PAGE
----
The Health Insurance Portability and Accountability Act of 1996 (HIPAA) is a federal law that sets rules about who can look at and receive your health information. This law gives you rights over your health information and when it can be shared. It also requires your doctors, pharmacists and other health care providers, and your health plan to explain your rights and how your health information can be used or shared. Follow these steps to make sure you understand the Notice and your rights.


1. Get a Copy of the Notice of Privacy Practices.

When you see a doctor, check in to a hospital, start getting prescriptions filled by a pharmacy, or change health insurance coverage, you will likely get several forms to read and sign. One of those forms – called the Notice of Privacy Practices – explains your rights regarding your health information and tells you how your health information can be used or shared. Most doctors must give you the Notice at your first appointment, and most health plans must give you the Notice when you enroll. A copy of the Notice may also be posted in a clear, easy to find location in a doctor’s office, pharmacy or hospital, be mailed to you by your health insurance company, or be posted on a doctor’s or health insurance company’s website. If you can’t find it, ask for it. Your health provider or health insurance company must give it to anyone who asks.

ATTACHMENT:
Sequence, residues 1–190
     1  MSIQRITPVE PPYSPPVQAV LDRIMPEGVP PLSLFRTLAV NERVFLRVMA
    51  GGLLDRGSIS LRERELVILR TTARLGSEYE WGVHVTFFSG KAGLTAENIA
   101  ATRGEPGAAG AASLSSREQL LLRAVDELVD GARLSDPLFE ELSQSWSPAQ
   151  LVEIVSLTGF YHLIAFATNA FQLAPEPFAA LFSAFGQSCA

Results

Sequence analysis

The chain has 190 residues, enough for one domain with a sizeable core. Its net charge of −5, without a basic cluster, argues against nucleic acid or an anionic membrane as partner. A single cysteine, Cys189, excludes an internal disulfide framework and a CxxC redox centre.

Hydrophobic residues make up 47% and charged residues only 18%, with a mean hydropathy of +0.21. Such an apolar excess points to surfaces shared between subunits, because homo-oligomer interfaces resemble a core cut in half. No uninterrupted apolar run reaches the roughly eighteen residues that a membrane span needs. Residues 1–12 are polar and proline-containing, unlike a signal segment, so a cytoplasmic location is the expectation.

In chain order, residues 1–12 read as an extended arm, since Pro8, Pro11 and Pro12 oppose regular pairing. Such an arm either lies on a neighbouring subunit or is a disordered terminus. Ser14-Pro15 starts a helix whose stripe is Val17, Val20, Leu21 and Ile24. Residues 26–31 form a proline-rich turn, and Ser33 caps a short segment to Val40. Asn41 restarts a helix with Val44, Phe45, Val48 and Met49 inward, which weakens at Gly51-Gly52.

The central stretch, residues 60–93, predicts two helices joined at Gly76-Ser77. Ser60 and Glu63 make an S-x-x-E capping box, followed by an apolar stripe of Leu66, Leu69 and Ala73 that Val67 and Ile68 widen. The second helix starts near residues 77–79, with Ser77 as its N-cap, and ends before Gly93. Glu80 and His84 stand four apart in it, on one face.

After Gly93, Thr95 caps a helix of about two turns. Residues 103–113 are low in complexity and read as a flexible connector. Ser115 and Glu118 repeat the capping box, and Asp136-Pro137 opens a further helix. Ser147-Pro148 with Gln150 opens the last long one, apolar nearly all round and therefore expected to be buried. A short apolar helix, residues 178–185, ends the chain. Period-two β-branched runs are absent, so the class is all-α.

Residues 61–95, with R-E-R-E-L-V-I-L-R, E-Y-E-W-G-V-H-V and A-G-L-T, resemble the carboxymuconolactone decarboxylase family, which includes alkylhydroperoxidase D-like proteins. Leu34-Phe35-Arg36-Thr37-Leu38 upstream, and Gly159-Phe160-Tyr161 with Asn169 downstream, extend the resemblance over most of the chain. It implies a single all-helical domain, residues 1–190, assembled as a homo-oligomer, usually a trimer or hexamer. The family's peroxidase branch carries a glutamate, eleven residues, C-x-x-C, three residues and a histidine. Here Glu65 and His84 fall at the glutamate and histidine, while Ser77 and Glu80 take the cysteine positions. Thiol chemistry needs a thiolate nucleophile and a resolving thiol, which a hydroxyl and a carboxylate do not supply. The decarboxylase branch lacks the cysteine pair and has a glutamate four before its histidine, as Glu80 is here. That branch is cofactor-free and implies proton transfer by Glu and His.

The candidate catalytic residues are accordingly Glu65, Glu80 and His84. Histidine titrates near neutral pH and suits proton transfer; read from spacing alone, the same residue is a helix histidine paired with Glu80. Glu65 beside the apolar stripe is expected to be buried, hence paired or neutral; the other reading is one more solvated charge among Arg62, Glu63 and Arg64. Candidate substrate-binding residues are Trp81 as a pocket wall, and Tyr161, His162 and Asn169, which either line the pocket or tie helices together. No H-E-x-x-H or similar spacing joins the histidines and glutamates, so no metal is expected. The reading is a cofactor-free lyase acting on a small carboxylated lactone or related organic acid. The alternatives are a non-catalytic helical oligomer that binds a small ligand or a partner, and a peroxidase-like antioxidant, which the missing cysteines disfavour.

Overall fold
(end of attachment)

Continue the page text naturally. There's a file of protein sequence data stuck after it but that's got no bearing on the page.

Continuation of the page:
2. Read the Notice.

The notice will explain: How your health care provider or insurer is allowed to use or share your health information.

Your privacy rights, which include your right to get a copy of your health file, review it, ask that it be corrected, and complain if you think your privacy rights have been violated.

Your doctor or insurer’s legal duties to protect your health information.

Whom to contact for more information about your doctor or insurance company’s privacy policies.


3. Ask Questions about the Notice or Your Rights

The Notice should help you understand your privacy rights. If the information in the Notice is not clear, ask your health care provider or your health plan to explain it. You can also get more information at www.hhs.gov/ocr/privacy/.